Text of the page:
What Are You Addicted To And 5 Ways To Give Up
Are you an addict?
Do you keep smoking even though you really want to give up. Do you find it impossible to skip your 2 glasses of wine each night, because they help you unwind? Or perhaps you daily have 3 espressos before you leave the house in the morning because you just can’t get out the door without them. Do you repeatedly find the empty wrapper from a family block of chocolate on the coffee table even though you and your partner agreed to eat ‘just one row each’ last night? Do you look at your phone first thing in the morning and last thing at night? These are all addictive behaviours, so if any of them sound familiar, yes, you are an addict!
What is addiction?
Addiction is a condition, in fact a disorder of the brain, where you compulsively and repeatedly engage in a behavior (which can include consuming something) that may provide pleasure initially, but has known adverse effects. There is some debate about whether addiction should be labeled a ‘mental illness’ or not. Addiction can interfere with other parts of your life such as work or relationships, but many people continue to live ‘normally’ with addictions, especially the kinds of addictions that we are talking about today.
When you have an addiction, two things happen in your brain. The first is that it responds to you consuming the thing or doing the behavior that you are addicted to, with increasing tolerance, so you start to need larger or more frequent indulgences to satisfy your craving. The second thing is that your brain overreacts to the cues that it associates with the addiction. For example, when you get home from work and open the fridge pull out the chicken breasts you are going to cook for dinner, and see that glistening bottle of Savignon Blanc in the door, your brain makes it very difficult for you to leave the bottle alone, because it associates getting home and opening the fridge with drinking wine.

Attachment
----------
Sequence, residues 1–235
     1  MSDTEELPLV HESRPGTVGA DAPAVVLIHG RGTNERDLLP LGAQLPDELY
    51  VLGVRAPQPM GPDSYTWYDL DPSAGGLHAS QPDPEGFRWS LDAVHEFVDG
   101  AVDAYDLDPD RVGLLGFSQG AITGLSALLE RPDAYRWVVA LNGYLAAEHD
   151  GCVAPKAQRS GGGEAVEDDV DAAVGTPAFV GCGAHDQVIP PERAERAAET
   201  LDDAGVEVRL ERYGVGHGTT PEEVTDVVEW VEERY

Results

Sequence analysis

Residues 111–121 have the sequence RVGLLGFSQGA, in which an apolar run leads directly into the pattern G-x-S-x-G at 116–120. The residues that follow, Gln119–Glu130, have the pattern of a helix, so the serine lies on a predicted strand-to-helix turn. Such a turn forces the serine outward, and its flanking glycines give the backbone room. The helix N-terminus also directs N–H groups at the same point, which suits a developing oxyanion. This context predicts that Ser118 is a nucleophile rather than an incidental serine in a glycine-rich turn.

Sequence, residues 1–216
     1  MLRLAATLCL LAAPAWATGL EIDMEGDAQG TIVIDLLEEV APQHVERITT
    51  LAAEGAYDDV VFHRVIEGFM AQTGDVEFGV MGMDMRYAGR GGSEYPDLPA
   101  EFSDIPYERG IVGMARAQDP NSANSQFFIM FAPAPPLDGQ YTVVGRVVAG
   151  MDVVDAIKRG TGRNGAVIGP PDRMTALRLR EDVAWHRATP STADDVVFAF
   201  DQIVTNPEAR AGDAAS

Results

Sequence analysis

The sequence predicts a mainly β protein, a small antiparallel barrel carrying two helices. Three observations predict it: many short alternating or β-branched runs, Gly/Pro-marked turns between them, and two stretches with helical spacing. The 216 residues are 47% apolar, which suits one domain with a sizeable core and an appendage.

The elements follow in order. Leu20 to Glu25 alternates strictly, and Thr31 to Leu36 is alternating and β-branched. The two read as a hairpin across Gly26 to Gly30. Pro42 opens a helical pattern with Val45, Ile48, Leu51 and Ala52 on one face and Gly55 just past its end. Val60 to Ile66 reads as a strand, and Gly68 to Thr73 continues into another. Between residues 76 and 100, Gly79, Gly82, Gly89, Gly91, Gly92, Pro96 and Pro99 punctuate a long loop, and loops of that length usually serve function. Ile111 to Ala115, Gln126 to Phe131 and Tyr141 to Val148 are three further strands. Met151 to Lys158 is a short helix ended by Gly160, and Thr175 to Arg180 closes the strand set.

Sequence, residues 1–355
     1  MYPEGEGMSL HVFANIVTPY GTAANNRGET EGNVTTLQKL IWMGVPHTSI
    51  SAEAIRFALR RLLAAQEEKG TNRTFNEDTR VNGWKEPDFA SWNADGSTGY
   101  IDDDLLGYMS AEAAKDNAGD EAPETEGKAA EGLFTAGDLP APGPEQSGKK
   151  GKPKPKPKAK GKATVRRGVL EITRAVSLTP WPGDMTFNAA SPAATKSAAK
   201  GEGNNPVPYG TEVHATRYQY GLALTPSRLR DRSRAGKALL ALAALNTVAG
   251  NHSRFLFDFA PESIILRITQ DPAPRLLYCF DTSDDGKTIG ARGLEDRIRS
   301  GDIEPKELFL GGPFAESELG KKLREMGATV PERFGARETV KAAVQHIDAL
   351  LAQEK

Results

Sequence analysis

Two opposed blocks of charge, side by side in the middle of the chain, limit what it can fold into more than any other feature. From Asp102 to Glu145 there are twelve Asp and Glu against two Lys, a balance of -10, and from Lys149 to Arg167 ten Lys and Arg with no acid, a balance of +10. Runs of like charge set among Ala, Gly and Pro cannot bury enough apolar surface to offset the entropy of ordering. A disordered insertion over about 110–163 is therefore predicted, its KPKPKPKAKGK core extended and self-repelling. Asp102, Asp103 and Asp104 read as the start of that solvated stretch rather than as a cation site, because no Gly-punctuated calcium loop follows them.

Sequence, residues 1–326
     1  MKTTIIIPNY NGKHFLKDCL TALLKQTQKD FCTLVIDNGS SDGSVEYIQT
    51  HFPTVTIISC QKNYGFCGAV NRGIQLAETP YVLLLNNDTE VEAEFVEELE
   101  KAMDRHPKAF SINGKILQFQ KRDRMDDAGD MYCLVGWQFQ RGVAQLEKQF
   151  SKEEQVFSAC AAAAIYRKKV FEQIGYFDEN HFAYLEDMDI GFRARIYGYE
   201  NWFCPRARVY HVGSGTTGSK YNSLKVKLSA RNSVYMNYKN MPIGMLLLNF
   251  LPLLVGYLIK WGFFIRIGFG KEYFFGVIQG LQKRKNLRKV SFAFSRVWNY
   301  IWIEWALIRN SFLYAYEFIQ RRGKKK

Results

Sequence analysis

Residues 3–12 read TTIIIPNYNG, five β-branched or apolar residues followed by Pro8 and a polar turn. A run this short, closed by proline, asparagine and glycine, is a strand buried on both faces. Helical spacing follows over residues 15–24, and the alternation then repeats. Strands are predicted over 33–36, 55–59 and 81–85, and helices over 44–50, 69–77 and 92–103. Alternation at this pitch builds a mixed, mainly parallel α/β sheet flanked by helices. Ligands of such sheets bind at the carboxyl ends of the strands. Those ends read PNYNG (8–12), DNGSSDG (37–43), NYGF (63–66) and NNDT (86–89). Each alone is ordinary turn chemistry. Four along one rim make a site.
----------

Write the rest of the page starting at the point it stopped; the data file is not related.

The cycle of negative energy that occurs in addiction is: urge-satisfaction-guilt.
Why have you become addicted?
All branches of healthcare – both allopathic and holistic – recognize that addiction stems from some level of unhappiness or stress. You are using the addictive behavior or substance as a crutch, a ‘bandaid’, to alleviate pain or stress, or to fill a hole in your life. An addiction may help you to temporarily escape from whatever is making you unhappy or causing you stress. When you don’t do anything to treat the underlying cause of your addiction it can be easy to swap one addiction for another, such as replacing smoking cigarettes with eating chocolate.
From a metaphysical point of view (looking at underlying emotional and energetic causes) addictions stem from stressors that occurred before you were born or in very early childhood, and can even relate to stressors that your mother experienced during her pregnancy or her own addictions. Epigenetics would suggest that trauma can carry through several generations, but blaming your addiction on your ancestors is not going to help you overcome them!